Life Underground Critical to Earth's Ecosystems
Scientists travel 'down the rabbit hole' for new view of subterranean biodiversity
Find related stories on NSF's Long-Term Ecological Research Program at this link.
"I wonder if I shall fall right through the Earth!" mused Alice-in-Wonderland as she tumbled down the rabbit-hole." How funny it'll seem to come out among people that walk with their heads downwards! The antipathies, I think ..."
Alice's experiences in a below-ground world, written about by Lewis Carroll in 1865 in his famed Alice's Adventures in Wonderland, were fiction.
Or were they?
If the work of biologist Diana Wall of Colorado State University (CSU) in Fort Collins is any indication, life indeed imitates art.
Wall, who studies life beneath the surface, and her colleagues are using modern DNA-based methods to discover the extent of the biodiversity under our feet. Soil, it turns out, provides habitat for millions of species, an array of animals every bit as varied and strange as those Alice encountered.
"You have roundworms, or nematodes, the lions of the underground," says Wall. "These animals rule the Kingdom of Soil."
For example, some 89 nematode species are found in just over 90 cubic centimeters of soil below a tropical forest in Cameroon.
"The unseen, and mostly underappreciated, realm beneath us is teeming with life," says Wall. "Earth is really brown and black, not green."
Increasingly, soils are recognized as one of the most species-rich habitats on Earth, according to Matt Kane, a microbiologist and program director in the National Science Foundation (NSF)'s Division of Environmental Biology, which funds Wall's research.
"Soil animals and their interactions with microorganisms influence many ecosystem processes," says Kane, "including decomposition, nutrient cycling, carbon sequestration, plant community dynamics and the soil structure itself."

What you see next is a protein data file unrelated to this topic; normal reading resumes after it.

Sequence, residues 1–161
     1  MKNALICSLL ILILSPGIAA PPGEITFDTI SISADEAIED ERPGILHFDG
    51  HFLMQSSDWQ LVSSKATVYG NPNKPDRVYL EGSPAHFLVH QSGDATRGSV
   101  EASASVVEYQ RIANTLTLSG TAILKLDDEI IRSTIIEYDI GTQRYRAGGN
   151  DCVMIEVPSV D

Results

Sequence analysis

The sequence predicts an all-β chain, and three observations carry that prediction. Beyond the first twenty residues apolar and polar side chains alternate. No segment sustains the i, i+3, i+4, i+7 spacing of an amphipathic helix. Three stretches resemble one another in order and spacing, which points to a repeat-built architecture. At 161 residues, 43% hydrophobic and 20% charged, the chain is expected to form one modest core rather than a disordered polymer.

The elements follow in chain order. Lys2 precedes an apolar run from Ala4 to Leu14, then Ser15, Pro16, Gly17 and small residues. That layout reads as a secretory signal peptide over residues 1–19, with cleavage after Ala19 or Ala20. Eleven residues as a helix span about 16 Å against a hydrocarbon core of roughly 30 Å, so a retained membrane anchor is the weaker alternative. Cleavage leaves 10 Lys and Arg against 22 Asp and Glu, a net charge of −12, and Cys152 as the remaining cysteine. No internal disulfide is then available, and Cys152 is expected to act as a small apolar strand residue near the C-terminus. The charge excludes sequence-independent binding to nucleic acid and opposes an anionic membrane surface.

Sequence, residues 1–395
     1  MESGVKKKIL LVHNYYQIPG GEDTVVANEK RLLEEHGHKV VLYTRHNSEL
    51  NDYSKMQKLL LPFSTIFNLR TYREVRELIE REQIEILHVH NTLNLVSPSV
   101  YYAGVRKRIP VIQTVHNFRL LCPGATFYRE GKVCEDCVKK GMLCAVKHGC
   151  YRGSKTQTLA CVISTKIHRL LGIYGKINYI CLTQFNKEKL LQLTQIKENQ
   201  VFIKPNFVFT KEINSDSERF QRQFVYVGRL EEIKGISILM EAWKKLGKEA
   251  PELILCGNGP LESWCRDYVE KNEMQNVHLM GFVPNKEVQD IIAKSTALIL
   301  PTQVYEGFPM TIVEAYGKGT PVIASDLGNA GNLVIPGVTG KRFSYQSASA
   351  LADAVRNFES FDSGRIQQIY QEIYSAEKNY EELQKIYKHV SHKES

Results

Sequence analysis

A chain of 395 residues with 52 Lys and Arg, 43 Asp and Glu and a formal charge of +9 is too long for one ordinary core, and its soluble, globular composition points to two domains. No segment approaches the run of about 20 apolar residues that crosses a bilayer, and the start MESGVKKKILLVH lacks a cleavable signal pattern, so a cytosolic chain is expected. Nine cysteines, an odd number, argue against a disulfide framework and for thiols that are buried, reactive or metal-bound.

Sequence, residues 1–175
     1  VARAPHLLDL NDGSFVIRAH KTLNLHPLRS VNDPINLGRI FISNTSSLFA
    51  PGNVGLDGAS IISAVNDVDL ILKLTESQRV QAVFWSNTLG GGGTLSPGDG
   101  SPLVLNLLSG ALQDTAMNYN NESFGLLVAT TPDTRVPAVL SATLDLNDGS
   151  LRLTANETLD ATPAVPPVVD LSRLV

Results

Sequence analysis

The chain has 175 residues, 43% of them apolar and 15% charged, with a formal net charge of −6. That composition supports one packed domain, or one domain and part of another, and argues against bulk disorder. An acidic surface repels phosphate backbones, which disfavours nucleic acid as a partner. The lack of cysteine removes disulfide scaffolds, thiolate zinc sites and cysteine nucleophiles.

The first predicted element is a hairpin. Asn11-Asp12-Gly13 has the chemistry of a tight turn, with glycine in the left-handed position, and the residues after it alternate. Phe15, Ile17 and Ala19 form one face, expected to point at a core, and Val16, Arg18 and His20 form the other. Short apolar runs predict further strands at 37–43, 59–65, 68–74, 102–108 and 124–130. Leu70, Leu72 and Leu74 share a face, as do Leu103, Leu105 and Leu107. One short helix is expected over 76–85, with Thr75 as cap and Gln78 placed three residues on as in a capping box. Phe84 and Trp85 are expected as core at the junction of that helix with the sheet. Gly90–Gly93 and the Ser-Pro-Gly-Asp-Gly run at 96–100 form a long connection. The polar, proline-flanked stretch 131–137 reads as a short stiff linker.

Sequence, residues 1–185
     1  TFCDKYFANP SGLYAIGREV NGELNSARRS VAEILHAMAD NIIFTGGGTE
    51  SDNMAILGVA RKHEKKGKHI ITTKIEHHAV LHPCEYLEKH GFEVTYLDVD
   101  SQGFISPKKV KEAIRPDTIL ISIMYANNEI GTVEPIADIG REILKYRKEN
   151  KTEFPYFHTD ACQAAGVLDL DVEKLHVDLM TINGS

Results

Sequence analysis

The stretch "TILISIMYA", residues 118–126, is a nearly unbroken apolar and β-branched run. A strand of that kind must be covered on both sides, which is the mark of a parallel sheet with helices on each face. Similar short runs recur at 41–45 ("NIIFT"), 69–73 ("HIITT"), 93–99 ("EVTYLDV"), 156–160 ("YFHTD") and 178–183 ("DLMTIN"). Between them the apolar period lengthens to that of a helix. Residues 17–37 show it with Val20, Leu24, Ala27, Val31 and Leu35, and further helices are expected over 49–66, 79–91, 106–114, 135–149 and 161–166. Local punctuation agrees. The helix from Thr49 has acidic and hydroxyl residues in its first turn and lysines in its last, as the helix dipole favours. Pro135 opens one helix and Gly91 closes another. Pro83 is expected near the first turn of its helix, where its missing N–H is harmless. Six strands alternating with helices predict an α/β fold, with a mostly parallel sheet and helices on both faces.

An understanding of the biodiversity of soils is critical to maintaining the "ecosystem services" from which humans benefit.
"All above-surface organisms ultimately depend on soil biodiversity for food and habitat," Wall says. "Human health and national economies are largely based on benefits derived from soils.
"What some call ‘plain old dirt' in reality provides fertile grounds for our food, whether crops on land or fish and crustaceans from freshwater and marine sediments [soils]."
Soil biodiversity, she says, is also crucial to controlling human, animal and plant pathogens; floods and erosion; waste-processing; and water purification.
Some regions on Earth "have high-fertility soils, like the Nile Delta region," says Henry Gholz, an ecologist and director of NSF's Long-Term Ecological Research (LTER) program. "Others are underlain by permafrost, or are very shallow and less productive."
Global changes have led to degraded soils through desertification, droughts and floods; many places are losing once-fertile lands.
How do soil biologists uncover what's usually obscured by roads, lawns, and golf courses, by forests and meadows?